Fukuda, Keiji

Director and Clinical Professor
Division of Community Medicine and Public Health Practice
Contact Information
Tel: 3917 6828
Email: This email address is being protected from spambots. You need JavaScript enabled to view it.


Professor Keiji Fukuda joined the School of Public Health of The University of Hong Kong in December 2016. Professor Fukuda has extensive public health experience at global and national levels. During 2005 – 2016, he was a staff member of the World Health Organization (WHO) and held positions as Scientist, Coordinator and then Director of the Global Influenza Programme (2005-2008), Assistant Director-General for Health Security and Environment ad interim (2008-2009), Special Adviser on Pandemic Influenza to the Director-General (2009-2010), Assistant Director-General for Health Security (2010-2015) and Special Representative for Antimicrobial Resistance for the Director-General (2015-2016).

At WHO, he was instrumental in global and national approaches to issues such as health security; preparedness and responses for emerging infectious diseases; the development and adoption of the Pandemic Influenza Preparedness Framework, a ground breaking intergovernmental agreement on the sharing of potential pandemic influenza viruses and related benefits; and implementation of the International Health Regulations. He personally led several field investigations related to globally important and sensitive outbreaks such as influenza H5N1 and H7N9, Pandemic influenza, SARS, MERS and Ebola and was often WHO’s main media spokesperson for such issues. Most recently, he directly facilitated the successful development of an intergovernmental, multisectoral process which resulted in a historic Heads of State level meeting at the United Nations (UN), and a UN resolution, on antimicrobial resistance. During his tenure at WHO, Professor Fukuda has become increasingly involved and interested in health diplomacy, which has emerged as a major need in an increasingly globalized world.

Before joining WHO, Professor Fukuda was Chief of Epidemiology in the Influenza Branch of the U.S. Centers for Disease Control and Prevention Centers (CDC). He led the CDC field teams that assisted Hong Kong during the emergence of avian influenza H5N1 in 1997 and has worked closely and extensively with China on issues such as influenza surveillance, SARS and influenza H7N9. He helped develop new models combining epidemiological and laboratory data to estimate the burden of influenza and on US influenza vaccination policy. Early in his career, Professor Fukuda worked on chronic fatigue syndrome and led the international team that redefined this condition. He is a physician who trained in internal medicine and received his BA from Oberlin College, MD from the University of Vermont and MPH from the University of California, Berkeley.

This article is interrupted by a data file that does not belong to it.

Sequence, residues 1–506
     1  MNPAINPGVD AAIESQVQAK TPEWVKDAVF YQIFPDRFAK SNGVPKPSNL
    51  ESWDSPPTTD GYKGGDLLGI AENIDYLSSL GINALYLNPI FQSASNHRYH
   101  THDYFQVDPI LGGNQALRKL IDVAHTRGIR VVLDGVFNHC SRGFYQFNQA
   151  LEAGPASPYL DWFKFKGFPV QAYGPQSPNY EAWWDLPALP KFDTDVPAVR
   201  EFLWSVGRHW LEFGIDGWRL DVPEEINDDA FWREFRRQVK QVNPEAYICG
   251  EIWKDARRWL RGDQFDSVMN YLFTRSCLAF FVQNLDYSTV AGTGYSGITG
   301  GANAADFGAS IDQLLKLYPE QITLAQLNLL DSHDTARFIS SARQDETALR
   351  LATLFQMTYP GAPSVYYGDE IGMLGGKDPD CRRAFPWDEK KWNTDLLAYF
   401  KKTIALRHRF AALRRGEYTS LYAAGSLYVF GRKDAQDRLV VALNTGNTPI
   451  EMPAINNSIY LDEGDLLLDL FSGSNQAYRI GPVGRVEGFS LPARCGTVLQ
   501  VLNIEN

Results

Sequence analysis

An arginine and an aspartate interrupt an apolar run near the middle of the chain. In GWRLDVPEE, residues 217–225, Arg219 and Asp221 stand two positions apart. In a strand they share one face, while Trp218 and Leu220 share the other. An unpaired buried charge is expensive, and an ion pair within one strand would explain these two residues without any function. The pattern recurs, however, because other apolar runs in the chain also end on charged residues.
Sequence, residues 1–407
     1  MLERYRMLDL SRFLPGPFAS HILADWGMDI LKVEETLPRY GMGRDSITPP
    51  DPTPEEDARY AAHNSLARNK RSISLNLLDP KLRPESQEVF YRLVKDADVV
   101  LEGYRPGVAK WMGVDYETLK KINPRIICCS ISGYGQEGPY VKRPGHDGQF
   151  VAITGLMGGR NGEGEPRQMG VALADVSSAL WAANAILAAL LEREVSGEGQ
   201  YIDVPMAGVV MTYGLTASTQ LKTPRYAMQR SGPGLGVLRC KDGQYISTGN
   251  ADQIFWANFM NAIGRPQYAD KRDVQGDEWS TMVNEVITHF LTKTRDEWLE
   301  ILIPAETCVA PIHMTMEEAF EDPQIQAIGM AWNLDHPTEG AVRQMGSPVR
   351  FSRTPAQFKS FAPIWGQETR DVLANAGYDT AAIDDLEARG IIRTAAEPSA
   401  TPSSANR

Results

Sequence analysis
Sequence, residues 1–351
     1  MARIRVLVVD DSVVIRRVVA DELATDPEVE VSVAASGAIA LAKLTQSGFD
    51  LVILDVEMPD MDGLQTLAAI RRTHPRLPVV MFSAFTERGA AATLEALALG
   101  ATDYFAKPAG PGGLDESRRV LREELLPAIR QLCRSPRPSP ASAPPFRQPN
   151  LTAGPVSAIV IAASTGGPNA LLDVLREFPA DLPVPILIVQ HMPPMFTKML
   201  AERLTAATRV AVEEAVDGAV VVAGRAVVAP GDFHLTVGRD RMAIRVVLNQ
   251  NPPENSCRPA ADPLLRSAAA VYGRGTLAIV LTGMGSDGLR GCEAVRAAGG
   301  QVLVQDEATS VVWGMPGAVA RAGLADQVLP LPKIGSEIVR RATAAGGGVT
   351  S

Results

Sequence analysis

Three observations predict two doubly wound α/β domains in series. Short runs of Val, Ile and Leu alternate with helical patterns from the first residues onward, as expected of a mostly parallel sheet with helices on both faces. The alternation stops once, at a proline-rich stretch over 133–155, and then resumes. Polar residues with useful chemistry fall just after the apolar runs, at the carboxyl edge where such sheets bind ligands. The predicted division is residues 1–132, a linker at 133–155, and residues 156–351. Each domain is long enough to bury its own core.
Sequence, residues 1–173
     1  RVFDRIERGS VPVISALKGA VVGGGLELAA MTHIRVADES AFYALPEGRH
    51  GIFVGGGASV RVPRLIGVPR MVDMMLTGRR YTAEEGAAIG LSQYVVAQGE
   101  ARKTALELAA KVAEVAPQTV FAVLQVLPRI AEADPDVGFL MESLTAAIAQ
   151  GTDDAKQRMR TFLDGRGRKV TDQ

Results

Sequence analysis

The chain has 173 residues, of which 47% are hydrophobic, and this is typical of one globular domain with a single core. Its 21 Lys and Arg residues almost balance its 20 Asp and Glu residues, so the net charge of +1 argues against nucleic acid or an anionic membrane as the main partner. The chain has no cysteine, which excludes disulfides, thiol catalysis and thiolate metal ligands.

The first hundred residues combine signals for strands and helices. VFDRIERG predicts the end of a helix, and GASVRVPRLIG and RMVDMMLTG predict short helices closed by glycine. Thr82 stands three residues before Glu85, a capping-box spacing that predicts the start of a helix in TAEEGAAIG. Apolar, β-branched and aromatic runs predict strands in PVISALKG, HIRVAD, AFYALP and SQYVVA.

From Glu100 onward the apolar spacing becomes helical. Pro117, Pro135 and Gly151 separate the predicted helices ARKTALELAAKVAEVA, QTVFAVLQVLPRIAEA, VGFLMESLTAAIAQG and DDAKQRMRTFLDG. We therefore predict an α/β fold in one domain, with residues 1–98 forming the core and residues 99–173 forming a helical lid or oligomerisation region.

HKU Scholars Hub: Fukuda, Keiji

Open Research and Contributor ID (ORCID): Fukuda, Keiji


Selected Publications  (Pub Med Search)

  1. Hu Y.J., Cowling B.J. and Fukuda K., What is missing in surveillance for control of antimicrobial resistance?, The Lancet Infectious Diseases. 2018, 18: 597-598.
  2. Fukuda K., Limmathurotsakul D., Okeke I.N., Shetty N., van Doorn R., Feasey N.A., Chiara F., Zoubiane G., Jinks T., Parkhill J., Patel J., Reid S.W.J., Holmes A.H. and Peacock S.J., Surveillance and Epidemiology of Drug Resistant Infections Consortium (SEDRIC): Supporting the transition from strategy to action. Wellcome Open Research. 2018, 3: 59.
  3. Keiji Fukuda. World leaders gather at UN to tackle global problem of antibiotic resistance. Global Health and Diplomacy 2016; Fall:13-14.
  4. Marc Sprenger and Keiji Fukuda. New mechanisms, new worries. Science 2016;351:1263-64.
  5. Keiji Fukuda and Marie Paule Kieny. Different Approaches to Influenza Vaccination. New England Journal of Medicine 2006; 355:2586-2587.
  6. William W.  Thompson, David K. Shay, Eric Weintraub, Lynnette Brammer, Nancy Cox, Larry J. Anderson, Keiji Fukuda. Mortality associated with influenza and respiratory syncytial virus in the United States. Journal of the American Medical Association 2003;289:179-186.
  7. Izurieta H.S., Thompson W.W., Kramarz P., Shay D.K., Davis R.L., DeStefano F., Black S., Shinefield H., Fukuda K. Influenza and the rates of hospitalization for respiratory disease among infants and young children. New England Journal of Medicine 2000;342-232-9.
  8. Mounts A.W., Kwong H., Izurieta H.S., Ho Y.Y., Au T.K., Lee M., Bridges C.B., Williams S.W., Mak K.H., Katz J., Thompson W.W., Cox N.J., Fukuda K. Case-control study of risk factors for avian influenza A(H5N1) diseases, Hong Kong, 1997. Journal of Infectious Diseases 1999;180:505-8.
  9. Meltzer M., Cox N.J., Fukuda K. The economic impact of pandemic influenza in the United States: Priorities for intervention. Emerging Infectious Diseases 1999;5:1-13
  10. Fukuda K., Nisenbaum R., Stewart G., Thompson W.W., Robin L., Washko R.M., Noah D.L., Barrett D.H., Randall B., Herwaldt B.L., Mawle A.C., Reeves W.C. A chronic multisymptom illness affecting Air Force Veterans of the Gulf War.  Journal of the American Medical Association 1998;280:961-989.
  11. Simenson L., Clarke M.J., Schonberger L.B., Arden N.H., Cox N.J., Fukuda K. Pandemic versus epidemic influenza mortality: a pattern of changing age distribution. Journal of Infectious Diseases. 1998;178:53-60.
  12. Fukuda K., Straus S.E., Hickie I., Sharpe M.C., Dobbins J.G., Komaroff A. and the international CFS study group. The Chronic fatigue syndrome: A comprehensive approach to its definition and study. Annals of Internal Medicine 1994;121:953-959.


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